Dissociation between explicit memory and configural memory in the human medial temporal lobe

Cereb Cortex. 2008 Sep;18(9):2192-207. doi: 10.1093/cercor/bhm245. Epub 2008 Jan 29.


Using functional magnetic resonance imaging, the current study explored the differential mnemonic contributions of the hippocampus and surrounding medial temporal lobe (MTL) cortices to explicit recognition memory and configural learning. Using a task that required processing of repeated and novel visuospatial contexts across multiple trials, we examined MTL activation in relation to 3 forms of learning in a single paradigm: 1) context-independent procedural learning, 2) context-dependent configural learning, and 3) explicit recognition memory. Activations in hippocampus and parahippocampal cortex were associated with explicit memory, differentiating between subsequently remembered and forgotten repeated contexts, but were unrelated to context-dependent configural learning. Activations in regions of perirhinal and entorhinal cortex were associated with configural learning of repeated contexts independent from explicit memory for those contexts. Procedural learning was unrelated to activation in any MTL region. The time course of activation across learning further differed in MTL subregions with MTL cortex demonstrating repetition-related decreases and hippocampus repetition-related increases. These repetition effects were differentially sensitive to recognition with only activation in hippocampus and parahippocampal cortex tracking recognized items. These imaging findings converge with studies of amnesia and indicate dissociable roles for hippocampus in learning that supports explicit recognition and for anterior MTL cortex in configural learning.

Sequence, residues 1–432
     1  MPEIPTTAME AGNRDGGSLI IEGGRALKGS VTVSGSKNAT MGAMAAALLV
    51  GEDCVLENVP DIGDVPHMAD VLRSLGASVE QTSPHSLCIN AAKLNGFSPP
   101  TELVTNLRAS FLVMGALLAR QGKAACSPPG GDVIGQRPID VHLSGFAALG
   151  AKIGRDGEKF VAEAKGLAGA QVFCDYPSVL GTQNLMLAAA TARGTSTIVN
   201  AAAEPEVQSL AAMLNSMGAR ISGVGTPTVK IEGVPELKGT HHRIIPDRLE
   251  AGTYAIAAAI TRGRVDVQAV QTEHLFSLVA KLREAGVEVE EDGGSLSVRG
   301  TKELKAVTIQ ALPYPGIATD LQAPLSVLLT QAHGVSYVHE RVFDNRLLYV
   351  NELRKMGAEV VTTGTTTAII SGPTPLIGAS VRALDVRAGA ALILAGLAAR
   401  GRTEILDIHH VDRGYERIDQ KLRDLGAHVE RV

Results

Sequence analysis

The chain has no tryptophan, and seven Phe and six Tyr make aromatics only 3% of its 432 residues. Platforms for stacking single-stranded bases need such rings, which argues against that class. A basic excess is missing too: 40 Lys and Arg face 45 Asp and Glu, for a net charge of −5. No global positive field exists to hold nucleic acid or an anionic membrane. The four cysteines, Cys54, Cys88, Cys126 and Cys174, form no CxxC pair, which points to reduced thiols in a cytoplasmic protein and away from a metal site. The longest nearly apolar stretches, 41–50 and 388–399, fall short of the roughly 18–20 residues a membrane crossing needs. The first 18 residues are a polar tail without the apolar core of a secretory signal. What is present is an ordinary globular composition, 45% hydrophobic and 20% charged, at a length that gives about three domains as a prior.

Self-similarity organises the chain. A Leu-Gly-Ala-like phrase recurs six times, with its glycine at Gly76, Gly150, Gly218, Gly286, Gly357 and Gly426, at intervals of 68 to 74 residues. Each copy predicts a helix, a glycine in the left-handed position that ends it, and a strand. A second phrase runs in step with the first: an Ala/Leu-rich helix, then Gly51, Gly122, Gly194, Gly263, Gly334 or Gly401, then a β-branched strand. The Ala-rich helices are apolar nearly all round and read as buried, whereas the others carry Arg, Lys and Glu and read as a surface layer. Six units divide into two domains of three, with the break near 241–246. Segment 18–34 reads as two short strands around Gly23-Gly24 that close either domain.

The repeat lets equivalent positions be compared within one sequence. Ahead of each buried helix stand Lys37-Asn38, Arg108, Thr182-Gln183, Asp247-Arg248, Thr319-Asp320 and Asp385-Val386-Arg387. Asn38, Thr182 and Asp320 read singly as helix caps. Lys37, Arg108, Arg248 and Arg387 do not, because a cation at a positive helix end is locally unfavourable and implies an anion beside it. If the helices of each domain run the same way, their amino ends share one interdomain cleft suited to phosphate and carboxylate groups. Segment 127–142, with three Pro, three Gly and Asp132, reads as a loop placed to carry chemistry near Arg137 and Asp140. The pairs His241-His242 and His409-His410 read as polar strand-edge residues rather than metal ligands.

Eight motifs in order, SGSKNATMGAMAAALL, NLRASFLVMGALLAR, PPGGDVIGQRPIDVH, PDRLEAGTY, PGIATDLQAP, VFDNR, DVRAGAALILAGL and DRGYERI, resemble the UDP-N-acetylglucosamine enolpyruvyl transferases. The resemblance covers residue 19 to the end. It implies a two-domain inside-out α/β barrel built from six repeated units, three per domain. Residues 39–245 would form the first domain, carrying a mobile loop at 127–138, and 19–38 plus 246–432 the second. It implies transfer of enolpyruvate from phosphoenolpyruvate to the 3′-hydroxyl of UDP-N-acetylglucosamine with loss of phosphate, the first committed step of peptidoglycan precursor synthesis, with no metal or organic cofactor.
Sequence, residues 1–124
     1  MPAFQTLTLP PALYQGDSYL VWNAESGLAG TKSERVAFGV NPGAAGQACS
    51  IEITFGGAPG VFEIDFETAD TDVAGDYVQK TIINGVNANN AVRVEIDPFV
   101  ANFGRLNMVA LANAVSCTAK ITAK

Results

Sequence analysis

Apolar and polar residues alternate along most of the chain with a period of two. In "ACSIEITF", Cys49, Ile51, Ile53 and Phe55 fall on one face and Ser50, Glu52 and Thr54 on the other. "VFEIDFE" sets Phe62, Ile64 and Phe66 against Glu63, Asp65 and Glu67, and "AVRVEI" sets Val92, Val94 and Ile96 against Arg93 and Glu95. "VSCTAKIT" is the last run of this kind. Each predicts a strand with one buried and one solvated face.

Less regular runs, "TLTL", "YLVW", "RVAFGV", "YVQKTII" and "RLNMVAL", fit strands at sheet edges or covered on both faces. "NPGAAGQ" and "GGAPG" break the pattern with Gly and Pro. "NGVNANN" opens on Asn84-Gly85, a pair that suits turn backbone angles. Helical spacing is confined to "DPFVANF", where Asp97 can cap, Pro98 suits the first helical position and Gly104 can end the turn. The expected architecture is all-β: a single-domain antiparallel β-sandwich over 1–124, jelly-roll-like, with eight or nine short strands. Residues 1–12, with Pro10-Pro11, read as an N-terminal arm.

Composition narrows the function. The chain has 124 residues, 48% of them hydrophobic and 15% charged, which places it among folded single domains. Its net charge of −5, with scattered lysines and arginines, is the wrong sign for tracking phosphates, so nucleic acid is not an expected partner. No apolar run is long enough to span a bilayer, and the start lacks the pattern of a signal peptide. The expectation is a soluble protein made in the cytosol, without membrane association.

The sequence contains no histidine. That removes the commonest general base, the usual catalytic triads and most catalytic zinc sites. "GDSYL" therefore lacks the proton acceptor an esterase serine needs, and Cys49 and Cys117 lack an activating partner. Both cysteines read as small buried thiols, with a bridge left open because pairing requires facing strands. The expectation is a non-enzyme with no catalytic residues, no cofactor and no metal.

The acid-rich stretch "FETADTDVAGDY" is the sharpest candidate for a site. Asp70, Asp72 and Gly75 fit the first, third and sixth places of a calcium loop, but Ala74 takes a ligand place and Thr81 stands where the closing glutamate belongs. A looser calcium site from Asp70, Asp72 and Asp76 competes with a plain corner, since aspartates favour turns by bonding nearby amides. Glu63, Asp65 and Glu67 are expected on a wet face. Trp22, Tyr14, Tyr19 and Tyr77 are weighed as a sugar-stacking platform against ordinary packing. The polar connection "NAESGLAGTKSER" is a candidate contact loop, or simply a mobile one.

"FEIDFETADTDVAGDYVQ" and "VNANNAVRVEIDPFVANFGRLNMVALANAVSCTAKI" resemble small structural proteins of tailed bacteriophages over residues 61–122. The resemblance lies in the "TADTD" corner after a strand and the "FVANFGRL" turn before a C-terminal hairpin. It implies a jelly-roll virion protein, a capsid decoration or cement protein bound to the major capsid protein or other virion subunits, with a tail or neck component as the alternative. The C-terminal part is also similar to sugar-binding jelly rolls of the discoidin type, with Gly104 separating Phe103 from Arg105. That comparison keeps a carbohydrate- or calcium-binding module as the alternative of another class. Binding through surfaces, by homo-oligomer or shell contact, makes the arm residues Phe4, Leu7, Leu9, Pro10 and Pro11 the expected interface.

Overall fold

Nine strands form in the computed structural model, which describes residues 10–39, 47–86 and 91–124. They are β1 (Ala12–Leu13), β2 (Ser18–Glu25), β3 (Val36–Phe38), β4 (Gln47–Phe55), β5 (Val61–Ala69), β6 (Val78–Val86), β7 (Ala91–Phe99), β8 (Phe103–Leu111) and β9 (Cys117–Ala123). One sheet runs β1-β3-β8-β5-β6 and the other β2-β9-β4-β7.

Publication types

  • Research Support, N.I.H., Extramural

MeSH terms

  • Adolescent
  • Adult
  • Female
  • Hippocampus / physiology
  • Humans
  • Magnetic Resonance Imaging*
  • Male
  • Parahippocampal Gyrus / physiology
  • Pattern Recognition, Visual / physiology*
  • Recognition, Psychology / physiology*
  • Regression Analysis
  • Temporal Lobe / physiology*